Monet’s house at Giverny is only 75kms away from Paris. Take the train at Saint-Lazare station, direction Rouen-Le Havre. Pass Mantes-la-jolie, and stop at Vernon. Skip the part where the French railroad has deliberately ignored the fact that Giverny is an hour’s walk from Vernon. (My compatriots tend to be very fact-avoiding; see the current election). You can queue for the bus to Giverny. Or take a cab. Which I did. The Vernon stop is clearly meant to support local transportation business. (Above: nympheas in Monet’s Giverny garden)
As soon as we crossed the Seine, I went into some sort of shock. The houses, the trees (I’m very tree-sensitive: the shape, foliage, colour, of trees, anywhere, is unmistakable. When I arrive at Roissy airport, I know I’m home because of the shape of the trees). I looked around. Some of the car plates ended up in 29. Department of Eure! I frantically hit my local, French, Android dumbphone screen for a map application. Takes me twice as much time on Android as on I-Phone. Android was designed by Martians. To be honest, I understand Android users have the same problem/complaint about I-phones.
A typical house in Giverny.
I got the map running. Zoomed out, while the cab was driving along the oh-so-familiar-yet-never-seen houses and landscape. Giverny is about 30 kms away from the little village in Normandy where we had a house for many years. North-west of Giverny. 30 klicks. And we’d never come here. Giverny wasn’t popular then.
Our house in Normandy. 30 kms away. Late 60’s.
The Japanese bridge at Giverny. Orsay. I’d gone to Orsay the day before. A wise timing. Seeing that painting reminded me of an exhibition a few years ago at Marmottan. If you haven’t gone to the Musée Marmottan, make it a must on your next Paris visit. A lovely little museum in the west side of Paris. Great collections of painters such as Berthe Morisot, Renoir, et al. The expo consisted of a dozen paintings of the bridge by Monet over a period of many years as he gradually lost his eye-sight. And from the first to the last painting, one could see how he slowly became blind. Which must be a curse for a painter. And yet, he kept painting.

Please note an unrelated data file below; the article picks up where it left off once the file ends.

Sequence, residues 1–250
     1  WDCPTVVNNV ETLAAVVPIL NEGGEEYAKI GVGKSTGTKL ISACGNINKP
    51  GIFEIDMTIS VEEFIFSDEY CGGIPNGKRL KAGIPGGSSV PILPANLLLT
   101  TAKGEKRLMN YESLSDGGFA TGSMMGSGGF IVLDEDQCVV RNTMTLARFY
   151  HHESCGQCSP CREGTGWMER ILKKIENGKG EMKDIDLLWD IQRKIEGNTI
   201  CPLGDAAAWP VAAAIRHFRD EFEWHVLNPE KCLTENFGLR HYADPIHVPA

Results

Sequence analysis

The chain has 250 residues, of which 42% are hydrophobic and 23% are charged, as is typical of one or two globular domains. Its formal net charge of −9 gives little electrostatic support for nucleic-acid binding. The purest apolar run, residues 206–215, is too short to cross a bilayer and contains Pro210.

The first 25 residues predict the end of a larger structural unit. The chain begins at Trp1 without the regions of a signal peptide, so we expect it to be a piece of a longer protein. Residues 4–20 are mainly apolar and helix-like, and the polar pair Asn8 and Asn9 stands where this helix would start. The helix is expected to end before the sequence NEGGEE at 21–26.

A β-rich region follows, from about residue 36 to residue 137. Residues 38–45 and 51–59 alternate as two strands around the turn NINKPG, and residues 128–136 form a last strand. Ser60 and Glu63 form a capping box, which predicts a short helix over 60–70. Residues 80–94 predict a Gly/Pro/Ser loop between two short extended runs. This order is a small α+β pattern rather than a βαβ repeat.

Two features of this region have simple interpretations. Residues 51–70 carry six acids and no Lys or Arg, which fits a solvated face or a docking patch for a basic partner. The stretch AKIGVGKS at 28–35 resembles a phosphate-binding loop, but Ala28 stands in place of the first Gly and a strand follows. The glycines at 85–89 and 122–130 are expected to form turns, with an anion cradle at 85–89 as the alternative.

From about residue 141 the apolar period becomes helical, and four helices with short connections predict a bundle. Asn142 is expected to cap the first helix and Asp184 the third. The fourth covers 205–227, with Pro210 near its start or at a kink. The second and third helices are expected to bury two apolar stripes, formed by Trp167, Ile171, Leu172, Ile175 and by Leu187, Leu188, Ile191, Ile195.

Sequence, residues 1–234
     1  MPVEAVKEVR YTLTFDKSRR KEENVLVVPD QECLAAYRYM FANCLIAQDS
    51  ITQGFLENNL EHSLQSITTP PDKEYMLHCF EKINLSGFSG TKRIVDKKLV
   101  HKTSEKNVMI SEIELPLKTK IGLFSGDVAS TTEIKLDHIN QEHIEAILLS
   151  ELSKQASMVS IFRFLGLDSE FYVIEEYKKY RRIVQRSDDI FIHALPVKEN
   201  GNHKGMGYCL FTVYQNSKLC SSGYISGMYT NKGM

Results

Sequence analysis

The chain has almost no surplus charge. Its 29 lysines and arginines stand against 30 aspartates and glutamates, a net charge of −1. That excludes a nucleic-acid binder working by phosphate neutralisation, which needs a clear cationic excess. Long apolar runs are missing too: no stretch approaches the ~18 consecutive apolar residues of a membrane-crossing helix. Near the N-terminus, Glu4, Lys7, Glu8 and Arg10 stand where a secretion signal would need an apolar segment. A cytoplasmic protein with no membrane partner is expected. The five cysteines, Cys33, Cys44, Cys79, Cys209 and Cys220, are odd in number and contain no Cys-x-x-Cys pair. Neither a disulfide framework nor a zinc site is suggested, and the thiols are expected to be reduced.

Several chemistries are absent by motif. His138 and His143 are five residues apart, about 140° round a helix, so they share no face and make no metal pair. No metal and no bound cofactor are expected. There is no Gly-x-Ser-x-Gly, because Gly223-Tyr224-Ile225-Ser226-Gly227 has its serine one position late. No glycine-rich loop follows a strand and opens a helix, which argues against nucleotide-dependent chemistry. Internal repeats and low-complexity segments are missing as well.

A 1902 photograph of the “pont japonais” at Monet’s house. (An apology about the reflections. Shooting conditions were not optimal)
The bridge today. Bottom right. There were a few Japanese visitors on the bridge. 🙂
The garden and pond are fabulous. Though it seemed that all the tourists who had deserted Paris last year after the many killings had suddenly flocked to Giverny. And as I walked the grounds, I had this eerie sensation of going back in time to my old house.
A partial view of our old house. c. 1975. Compare the brown wood and white plaster work below the roof to the house in the village above.
In the garden, going up to Monet’s house. One can see the door in the background.
Our house. c. 1962. L. to r.: yours truly and little sis, raking the leaves.
Monet’s house. Look closely at the façade. Only then did I understand my friend Jenny’s comment on Bulldog Travels about “pink”. Check her site here:
Pink is the new black? I then realized how Monet’s house, no matter its – historical – grandeur was just a plain, typical 19 century Normandy house. With strange façade colouring. 🙂 A house as there are still hundreds and hundreds, all around the region. A house with personality. And a history. Which makes it different from all the others.
Ours. Mid-sixties. Looking up close, it’s probably me in the centre, on the deck chair, reading a comics. Don’t get me wrong: ours was not Monet’s house. Those are just the memories that Giverny triggered.
Japanese woodblock. Monet’s house is full of those. Late 18, early 19 century. When Commodore Perry “opened” up Japan by force in mid 19 century, Japanese woodblock prints started to appear on the European markets. They were a revelation for French and European painters: the precision of the drawing, the choice of colours opened new avenues, particularly for impressionist and post-impressionist painters. And much to my delight Monet’s house is full of them. Originals, I believe.
Monet’s workshop, at the turn of the century. The previous one, not this one. I would suspect the large window to be south-exposed. The workshop is at the left end of the house, as seen from the garden. One can recognize a nymphea painting to the right of the window.
The workshop today. Nicely preserved. Though I’m sorry to say that all paintings, eagerly photographed by zealous tourists (including myself) are copies. The originals are… at Orsay, Marmottan, The Met?
Thank you for “boating” with Equinoxio Cruise Line to Giverny. Happy Labour Day. For all of us – the entire planet but one – who celebrate it on May 1st.